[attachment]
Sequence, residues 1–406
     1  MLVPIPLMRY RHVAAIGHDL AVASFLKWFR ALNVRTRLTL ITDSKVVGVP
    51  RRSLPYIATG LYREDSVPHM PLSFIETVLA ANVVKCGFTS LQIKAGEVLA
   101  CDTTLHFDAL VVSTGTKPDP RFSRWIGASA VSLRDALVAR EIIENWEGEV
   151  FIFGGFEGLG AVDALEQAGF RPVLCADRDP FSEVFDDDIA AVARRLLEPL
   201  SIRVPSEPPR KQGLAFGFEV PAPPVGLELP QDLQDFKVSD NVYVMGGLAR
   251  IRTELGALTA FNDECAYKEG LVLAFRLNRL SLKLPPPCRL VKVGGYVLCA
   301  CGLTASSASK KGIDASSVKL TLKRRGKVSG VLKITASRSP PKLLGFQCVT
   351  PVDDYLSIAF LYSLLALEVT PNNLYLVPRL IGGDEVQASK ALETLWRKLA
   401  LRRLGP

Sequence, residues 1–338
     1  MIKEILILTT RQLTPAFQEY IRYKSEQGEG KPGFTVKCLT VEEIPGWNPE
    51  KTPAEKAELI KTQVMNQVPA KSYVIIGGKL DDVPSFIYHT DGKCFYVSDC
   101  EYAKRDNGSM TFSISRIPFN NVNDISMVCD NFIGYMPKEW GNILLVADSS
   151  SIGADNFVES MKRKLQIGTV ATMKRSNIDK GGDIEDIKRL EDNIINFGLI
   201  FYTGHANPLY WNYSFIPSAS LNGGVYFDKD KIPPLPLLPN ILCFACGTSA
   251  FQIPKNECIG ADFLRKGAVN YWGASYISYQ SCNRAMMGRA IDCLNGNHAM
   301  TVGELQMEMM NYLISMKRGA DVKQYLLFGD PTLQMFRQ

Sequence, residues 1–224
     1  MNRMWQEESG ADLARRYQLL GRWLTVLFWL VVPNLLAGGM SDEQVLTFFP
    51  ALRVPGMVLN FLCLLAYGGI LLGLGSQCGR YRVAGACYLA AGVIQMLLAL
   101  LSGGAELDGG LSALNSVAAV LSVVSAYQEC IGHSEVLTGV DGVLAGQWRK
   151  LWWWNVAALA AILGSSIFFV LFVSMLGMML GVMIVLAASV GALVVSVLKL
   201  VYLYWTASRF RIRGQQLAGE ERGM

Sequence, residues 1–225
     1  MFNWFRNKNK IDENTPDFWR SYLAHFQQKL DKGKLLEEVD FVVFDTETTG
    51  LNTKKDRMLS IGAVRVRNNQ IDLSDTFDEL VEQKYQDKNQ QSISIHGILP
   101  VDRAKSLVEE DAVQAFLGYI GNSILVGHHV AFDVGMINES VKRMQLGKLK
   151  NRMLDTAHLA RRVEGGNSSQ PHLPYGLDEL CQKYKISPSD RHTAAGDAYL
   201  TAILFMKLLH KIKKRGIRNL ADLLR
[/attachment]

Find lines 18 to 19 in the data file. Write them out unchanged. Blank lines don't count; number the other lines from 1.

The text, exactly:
   301  TVGELQMEMM NYLISMKRGA DVKQYLLFGD PTLQMFRQ

Sequence, residues 1–224